Personal Use of Hair Dye and the Risk of Certain Subtypes of Non-Hodgkin Lymphoma

Yawei Zhang; Silvia De Sanjose; Paige M. Bracci; Lindsay M. Morton; Rong Wang; Paul Brennan; Patricia Hartge; Paolo Boffetta; Nikolaus Becker; Marc Maynadie; Lenka Foretova; Pierluigi Cocco; Anthony Staines; Theodore Holford; Elizabeth A. Holly; Alexandra Nieters; Yolanda Benavente; Leslie Bernstein; Shelia Hoar Zahm; Tongzhang Zheng

Disclosures

Am J Epidemiol. 2008;167(11):1321-1331. 

In This Article

Results

Table 2 provides demographic and subtype data for the pooled study population by case (n = 4,461) or control (n = 5,799) status. Both the case population and the control population were predominantly White (≥92 percent), and they had similar age and sex distributions.

Table 3 presents the results for personal hair-dye use and NHL risk, overall and by sex and time period of hair-dye use. Among women, 75 percent of the cases and 70 percent of the controls reported ever having used hair dyes. Stratification by time period of use showed an increased risk of NHL among women who started using hair dyes before 1980 as compared with nonusers (odds ratio (OR) = 1.3, 95 percent confidence interval (CI): 1.1, 1.4). The increased risk among women did not show a clear pattern by product type or color. For women who started using hair dyes in 1980 or later, an increased risk was associated with use of nonpermanent dark-colored dye (OR = 1.3, 95 percent CI: 1.0, 1.6). Among men, approximately 10 percent of cases and 10 percent of controls had ever used hair dyes. Risk of NHL was not associated with hair-dye use before or after 1980 among men. Thus, the results presented below are restricted to women.

Use of hair dye was associated with increased risks of follicular lymphoma and CLL/SLL but not of other NHL subtypes ( table 4 ). The increased risk of follicular lymphoma was not modified or confounded by time period of use. However, for women who started using hair dyes in 1980 or later, risk of follicular lymphoma was increased among those who had used dark-colored dyes (for permanent dark-colored dyes, OR = 1.5, 95 percent CI: 1.1, 2.1; for nonpermanent dark-colored dyes, OR = 1.7, 95 percent CI: 1.1, 2.4). An increased risk of CLL/SLL was limited to women who started using hair dyes before 1980 (OR = 1.5, 95 percent CI: 1.1, 2.0). The risk did not vary by product type or color. Risk of other B-cell or T-cell lymphomas was not associated with hair-dye use. Risk estimates from random-effects models were consistent with the results from dichotomous or polytomous unconditional logistic regression models (figure 1). However, risk estimates from random-effects models were less precise.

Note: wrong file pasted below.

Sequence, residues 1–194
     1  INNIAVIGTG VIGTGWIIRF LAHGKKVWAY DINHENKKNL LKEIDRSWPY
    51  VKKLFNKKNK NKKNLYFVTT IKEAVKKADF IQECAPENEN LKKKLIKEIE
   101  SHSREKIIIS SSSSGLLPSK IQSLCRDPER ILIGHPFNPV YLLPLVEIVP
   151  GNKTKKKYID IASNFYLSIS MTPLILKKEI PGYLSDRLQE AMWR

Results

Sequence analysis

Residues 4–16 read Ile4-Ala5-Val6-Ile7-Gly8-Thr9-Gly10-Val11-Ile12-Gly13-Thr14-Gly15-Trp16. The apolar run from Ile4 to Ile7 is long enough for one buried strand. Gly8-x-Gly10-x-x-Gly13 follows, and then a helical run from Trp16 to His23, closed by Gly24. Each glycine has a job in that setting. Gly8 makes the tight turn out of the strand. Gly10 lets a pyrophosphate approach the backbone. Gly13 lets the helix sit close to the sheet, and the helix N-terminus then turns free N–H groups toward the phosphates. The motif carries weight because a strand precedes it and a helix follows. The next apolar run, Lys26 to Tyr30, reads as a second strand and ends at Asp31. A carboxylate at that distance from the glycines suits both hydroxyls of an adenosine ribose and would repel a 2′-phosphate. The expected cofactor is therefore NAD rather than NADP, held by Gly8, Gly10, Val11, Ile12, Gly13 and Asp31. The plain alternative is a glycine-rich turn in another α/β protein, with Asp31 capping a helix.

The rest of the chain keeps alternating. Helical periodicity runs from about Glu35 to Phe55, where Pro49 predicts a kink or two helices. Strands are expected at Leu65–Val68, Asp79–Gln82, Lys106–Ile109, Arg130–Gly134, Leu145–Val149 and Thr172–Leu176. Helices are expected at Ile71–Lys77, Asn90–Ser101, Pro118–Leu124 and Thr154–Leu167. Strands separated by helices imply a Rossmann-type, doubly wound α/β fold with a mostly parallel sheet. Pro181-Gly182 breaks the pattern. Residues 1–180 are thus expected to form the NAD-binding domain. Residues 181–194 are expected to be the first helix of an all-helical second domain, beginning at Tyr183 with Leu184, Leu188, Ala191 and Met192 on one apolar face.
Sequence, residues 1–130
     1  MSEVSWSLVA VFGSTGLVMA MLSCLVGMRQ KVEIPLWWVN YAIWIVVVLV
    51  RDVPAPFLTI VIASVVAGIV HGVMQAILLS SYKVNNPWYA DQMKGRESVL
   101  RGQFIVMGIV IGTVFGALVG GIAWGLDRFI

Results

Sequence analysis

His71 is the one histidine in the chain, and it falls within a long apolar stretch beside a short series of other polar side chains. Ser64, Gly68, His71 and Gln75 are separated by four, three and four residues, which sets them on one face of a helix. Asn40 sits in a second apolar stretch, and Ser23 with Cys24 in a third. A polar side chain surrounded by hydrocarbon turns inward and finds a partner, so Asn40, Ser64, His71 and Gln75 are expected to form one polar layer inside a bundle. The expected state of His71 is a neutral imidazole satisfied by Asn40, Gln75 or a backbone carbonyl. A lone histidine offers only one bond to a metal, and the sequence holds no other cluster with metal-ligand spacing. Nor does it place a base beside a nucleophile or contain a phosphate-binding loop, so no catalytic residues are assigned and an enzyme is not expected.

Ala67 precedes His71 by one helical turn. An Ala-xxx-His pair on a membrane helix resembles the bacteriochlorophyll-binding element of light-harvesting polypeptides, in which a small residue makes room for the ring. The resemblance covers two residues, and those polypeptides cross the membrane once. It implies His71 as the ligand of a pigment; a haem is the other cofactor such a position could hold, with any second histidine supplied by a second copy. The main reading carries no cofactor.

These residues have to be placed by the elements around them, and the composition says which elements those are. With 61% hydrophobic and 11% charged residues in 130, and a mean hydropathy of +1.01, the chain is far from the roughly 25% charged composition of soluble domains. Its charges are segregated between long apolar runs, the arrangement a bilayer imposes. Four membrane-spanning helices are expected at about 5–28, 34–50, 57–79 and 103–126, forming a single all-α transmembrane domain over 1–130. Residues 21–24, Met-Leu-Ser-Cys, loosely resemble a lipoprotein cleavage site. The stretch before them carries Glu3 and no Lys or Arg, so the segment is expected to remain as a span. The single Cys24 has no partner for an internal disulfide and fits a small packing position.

Figure 1.

Odds ratios (ORs) for non-Hodgkin lymphoma (NHL) among women, by study center, in a pooled analysis of hair-dye use and NHL, 1988-2003. Boxes show results from individual studies; diamonds indicate pooled data. Bars, 95% confidence interval (CI). EpiLymph, International Case-Control Study of Lymphomas from Europe; NCI, NCI/SEER (National Cancer Institute/Surveillance, Epidemiology, and End Results) Multi-Center Case-Control Study; UCSF, Epidemiology of NHL Study (University of California, San Francisco); Yale, Connecticut Women's NHL Study (Yale University).

Results from further detailed analyses of the associations of hair-dye use with follicular lymphoma and CLL/SLL among women are presented in table 5 . Overall, a longer duration of hair-dye use was associated with a greater risk of follicular lymphoma (p-trend = 0.01), and the significant trend was mainly seen in women who started using the products before 1980 (p-trend < 0.01). For women who started using hair dyes in 1980 or afterward, significant trends for duration of use were observed only for permanent (p-trend = 0.02) and dark-colored (p-trend = 0.04) dyes. An increased risk of CLL/SLL was mainly observed among women who started using hair dyes before 1980. The risk was increased with greater duration, frequency, and total number of applications (p values for trend were 0.02, <0.01, and <0.01, respectively). However, no significant trends were observed among hair-dye users only. No major differences in risk patterns were observed for different types and colors of hair dye by frequency of application or total number of applications (data not shown).

Stratification by continent among persons who started using hair dyes before 1980 showed an increased risk of CLL/SLL associated with hair-dye use for European women (OR = 2.2, 95 percent CI: 1.4, 3.4) but not for US women (OR = 1.1, 95 percent CI: 0.8, 1.7). The association with follicular lymphoma, however, was apparent for both European women (OR = 1.4, 95 percent CI: 1.0, 1.8) and US women (OR = 1.6, 95 percent CI: 1.0, 2.7).

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